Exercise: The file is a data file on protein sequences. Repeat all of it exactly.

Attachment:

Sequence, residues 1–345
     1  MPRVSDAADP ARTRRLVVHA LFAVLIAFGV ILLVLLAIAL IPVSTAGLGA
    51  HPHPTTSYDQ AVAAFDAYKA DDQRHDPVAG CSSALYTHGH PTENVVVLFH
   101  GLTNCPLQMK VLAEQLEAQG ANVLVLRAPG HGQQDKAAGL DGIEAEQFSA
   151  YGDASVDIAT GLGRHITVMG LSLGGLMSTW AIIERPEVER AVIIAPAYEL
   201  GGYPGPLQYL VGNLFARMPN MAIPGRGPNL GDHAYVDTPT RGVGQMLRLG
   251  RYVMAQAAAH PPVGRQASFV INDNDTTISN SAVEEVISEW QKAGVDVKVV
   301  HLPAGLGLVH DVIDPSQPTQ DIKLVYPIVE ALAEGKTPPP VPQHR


Sequence, residues 1–345
     1  MPRVSDAADP ARTRRLVVHA LFAVLIAFGV ILLVLLAIAL IPVSTAGLGA
    51  HPHPTTSYDQ AVAAFDAYKA DDQRHDPVAG CSSALYTHGH PTENVVVLFH
   101  GLTNCPLQMK VLAEQLEAQG ANVLVLRAPG HGQQDKAAGL DGIEAEQFSA
   151  YGDASVDIAT GLGRHITVMG LSLGGLMSTW AIIERPEVER AVIIAPAYEL
   201  GGYPGPLQYL VGNLFARMPN MAIPGRGPNL GDHAYVDTPT RGVGQMLRLG
   251  RYVMAQAAAH PPVGRQASFV INDNDTTISN SAVEEVISEW QKAGVDVKVV
   301  HLPAGLGLVH DVIDPSQPTQ DIKLVYPIVE ALAEGKTPPP VPQHR